DOT Proposed Speed Limiter Plan Losing Momentum
The U.S. Department of Transportation (DOT) issued a proposal this summer for equipping commercial vehicles with speed limiting devices. DOT believes the new safety measure will provide two major benefits: saving lives and reducing fuel costs. The idea is that driving at slower speeds will reduce crash severity. It also reduces fuel consumption, which could save upwards of $1 billion dollars.
However, once DOT opened the proposal to public discussion, they faced major backlash. The loudest dissidents are the Owner-Operator Independent Drivers Association (OOIDA) and the American Trucking Association (ATA). The single largest issue both associations target is the lack of universal speed limit for all vehicles.
As the ruling stands now, only commercial vehicles weighing in excess of 26,000 pounds will have the speed-limiting device. This means other passenger vehicles will be traveling at different speeds than the commercial vehicles. Both organizations point to research that indicates one of the major reasons behind increased crash rates is speed differentials between vehicles. The organizations also point out that DOT failed to provide data that supports their proposed speed limits – 60, 65, or 68 mph – or why any of those options will statistically improve crash rates.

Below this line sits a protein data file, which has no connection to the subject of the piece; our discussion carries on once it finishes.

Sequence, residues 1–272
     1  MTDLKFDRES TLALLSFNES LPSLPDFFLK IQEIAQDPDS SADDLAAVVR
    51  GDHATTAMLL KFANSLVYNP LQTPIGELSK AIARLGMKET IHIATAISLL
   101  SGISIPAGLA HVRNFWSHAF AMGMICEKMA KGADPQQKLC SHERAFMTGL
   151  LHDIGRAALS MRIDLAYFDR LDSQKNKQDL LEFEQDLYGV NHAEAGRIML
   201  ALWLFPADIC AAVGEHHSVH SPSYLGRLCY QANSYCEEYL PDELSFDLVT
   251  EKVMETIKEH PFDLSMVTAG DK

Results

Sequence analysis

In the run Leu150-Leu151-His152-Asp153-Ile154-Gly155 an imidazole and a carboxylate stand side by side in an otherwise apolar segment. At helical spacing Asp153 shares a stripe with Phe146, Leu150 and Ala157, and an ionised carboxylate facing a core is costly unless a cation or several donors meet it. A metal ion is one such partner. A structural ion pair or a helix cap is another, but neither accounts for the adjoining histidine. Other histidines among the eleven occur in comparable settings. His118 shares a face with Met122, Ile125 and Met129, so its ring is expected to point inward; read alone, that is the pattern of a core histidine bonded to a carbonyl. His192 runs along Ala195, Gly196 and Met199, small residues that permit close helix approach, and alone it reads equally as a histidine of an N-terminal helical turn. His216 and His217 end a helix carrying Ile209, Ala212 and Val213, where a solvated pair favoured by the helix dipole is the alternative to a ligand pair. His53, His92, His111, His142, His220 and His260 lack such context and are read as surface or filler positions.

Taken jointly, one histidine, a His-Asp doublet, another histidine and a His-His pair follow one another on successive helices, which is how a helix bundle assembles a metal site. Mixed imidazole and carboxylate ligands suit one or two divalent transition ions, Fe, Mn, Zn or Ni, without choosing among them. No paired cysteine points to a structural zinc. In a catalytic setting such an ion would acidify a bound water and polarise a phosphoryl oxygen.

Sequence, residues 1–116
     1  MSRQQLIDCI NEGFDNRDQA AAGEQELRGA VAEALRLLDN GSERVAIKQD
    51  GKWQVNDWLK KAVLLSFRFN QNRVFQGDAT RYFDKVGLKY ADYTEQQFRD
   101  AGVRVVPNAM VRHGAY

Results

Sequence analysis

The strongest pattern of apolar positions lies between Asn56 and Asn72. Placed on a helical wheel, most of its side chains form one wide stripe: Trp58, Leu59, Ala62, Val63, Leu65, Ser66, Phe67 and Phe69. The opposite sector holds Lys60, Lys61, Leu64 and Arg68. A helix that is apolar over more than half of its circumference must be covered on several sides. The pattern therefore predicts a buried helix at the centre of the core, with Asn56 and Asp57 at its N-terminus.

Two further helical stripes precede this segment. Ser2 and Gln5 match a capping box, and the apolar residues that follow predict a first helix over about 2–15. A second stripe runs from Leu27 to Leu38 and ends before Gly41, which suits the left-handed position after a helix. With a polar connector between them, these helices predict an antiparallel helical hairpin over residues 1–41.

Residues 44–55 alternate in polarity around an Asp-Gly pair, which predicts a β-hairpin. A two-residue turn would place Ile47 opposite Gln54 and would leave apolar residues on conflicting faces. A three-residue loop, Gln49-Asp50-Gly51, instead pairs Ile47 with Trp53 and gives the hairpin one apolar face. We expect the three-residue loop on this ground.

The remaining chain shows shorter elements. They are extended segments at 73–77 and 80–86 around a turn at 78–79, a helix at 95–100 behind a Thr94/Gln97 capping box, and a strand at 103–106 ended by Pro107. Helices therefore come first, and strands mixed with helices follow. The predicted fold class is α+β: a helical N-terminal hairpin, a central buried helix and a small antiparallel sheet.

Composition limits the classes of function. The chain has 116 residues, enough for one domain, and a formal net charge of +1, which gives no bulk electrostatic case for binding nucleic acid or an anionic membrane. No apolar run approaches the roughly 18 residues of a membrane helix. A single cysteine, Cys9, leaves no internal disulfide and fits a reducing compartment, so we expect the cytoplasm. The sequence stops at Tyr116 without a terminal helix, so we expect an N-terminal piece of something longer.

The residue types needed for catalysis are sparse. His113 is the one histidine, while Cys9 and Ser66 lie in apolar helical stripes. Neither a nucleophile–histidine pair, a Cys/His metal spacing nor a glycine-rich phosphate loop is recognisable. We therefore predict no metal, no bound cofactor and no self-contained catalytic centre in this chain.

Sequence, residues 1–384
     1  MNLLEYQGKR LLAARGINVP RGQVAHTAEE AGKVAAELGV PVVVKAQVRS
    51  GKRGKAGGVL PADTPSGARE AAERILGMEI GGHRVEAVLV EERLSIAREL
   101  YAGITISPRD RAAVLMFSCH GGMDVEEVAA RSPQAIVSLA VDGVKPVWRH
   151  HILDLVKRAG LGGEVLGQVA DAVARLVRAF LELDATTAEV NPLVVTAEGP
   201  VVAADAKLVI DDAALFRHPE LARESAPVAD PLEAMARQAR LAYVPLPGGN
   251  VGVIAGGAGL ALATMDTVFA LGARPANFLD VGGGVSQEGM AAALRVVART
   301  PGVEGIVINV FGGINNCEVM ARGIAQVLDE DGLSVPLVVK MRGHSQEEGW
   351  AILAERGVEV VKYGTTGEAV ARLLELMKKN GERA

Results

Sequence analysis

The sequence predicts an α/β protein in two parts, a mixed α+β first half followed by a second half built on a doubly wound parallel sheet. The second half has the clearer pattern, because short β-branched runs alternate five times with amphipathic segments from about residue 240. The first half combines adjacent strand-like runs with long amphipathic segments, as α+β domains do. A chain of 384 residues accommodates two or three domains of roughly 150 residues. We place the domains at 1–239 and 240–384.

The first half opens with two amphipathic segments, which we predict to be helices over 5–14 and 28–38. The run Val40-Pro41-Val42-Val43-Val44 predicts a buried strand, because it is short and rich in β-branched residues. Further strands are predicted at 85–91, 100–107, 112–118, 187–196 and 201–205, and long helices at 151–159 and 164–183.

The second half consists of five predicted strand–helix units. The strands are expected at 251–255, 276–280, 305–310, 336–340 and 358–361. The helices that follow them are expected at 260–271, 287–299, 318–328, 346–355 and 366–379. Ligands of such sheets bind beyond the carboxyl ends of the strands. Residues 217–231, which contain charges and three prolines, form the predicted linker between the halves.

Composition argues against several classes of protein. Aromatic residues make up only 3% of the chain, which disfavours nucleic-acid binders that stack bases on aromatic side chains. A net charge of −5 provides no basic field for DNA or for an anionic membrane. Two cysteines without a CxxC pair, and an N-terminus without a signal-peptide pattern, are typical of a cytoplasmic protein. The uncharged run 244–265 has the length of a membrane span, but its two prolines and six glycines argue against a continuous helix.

It is noteworthy that the ATA petitioned for speed limiting devices. However, they refuse to endorse DOT’s proposal in its current state. In response to these concerns, DOT extended the comment period an additional 30 days. This extension should give all concerned parties time to gather their data and submit their suggestions.
While DOT has delayed the proposal, it is by no means off the table. Motor carriers and fleet managers need to stay abreast of the latest safety regulation to remain compliant. Contact Three Points Insurance to learn more.